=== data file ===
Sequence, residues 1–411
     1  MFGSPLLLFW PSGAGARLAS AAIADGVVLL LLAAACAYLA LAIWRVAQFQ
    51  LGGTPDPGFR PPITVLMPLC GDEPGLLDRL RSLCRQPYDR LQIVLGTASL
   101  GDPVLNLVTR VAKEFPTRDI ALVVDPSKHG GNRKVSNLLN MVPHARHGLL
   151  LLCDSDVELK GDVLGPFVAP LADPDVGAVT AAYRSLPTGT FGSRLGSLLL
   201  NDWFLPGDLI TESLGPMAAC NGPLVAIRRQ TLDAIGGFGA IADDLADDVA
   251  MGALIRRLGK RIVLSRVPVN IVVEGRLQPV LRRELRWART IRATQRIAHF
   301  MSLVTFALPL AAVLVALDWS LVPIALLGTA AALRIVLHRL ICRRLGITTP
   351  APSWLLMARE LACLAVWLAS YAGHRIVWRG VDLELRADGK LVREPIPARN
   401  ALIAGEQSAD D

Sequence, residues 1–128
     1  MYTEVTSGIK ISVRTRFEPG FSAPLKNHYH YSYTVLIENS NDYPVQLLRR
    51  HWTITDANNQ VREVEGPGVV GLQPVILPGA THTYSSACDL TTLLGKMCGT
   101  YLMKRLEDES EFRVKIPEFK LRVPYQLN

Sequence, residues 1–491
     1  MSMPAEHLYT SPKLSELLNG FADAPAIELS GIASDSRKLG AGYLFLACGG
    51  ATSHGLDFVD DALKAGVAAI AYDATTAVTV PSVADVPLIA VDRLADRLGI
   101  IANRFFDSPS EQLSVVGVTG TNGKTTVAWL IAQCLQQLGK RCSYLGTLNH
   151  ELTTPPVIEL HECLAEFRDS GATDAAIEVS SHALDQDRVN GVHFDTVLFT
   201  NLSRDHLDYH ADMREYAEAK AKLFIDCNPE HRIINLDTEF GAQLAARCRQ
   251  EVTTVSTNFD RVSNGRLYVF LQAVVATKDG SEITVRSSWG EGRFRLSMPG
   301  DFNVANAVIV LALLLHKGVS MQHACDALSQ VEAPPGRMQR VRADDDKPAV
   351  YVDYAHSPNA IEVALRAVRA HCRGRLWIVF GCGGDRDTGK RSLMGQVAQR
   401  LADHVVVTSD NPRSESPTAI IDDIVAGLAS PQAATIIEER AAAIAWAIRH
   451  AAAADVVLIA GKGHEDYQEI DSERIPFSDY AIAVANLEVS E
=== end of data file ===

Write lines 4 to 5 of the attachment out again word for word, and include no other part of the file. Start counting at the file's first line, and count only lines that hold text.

   101  GDPVLNLVTR VAKEFPTRDI ALVVDPSKHG GNRKVSNLLN MVPHARHGLL
   151  LLCDSDVELK GDVLGPFVAP LADPDVGAVT AAYRSLPTGT FGSRLGSLLL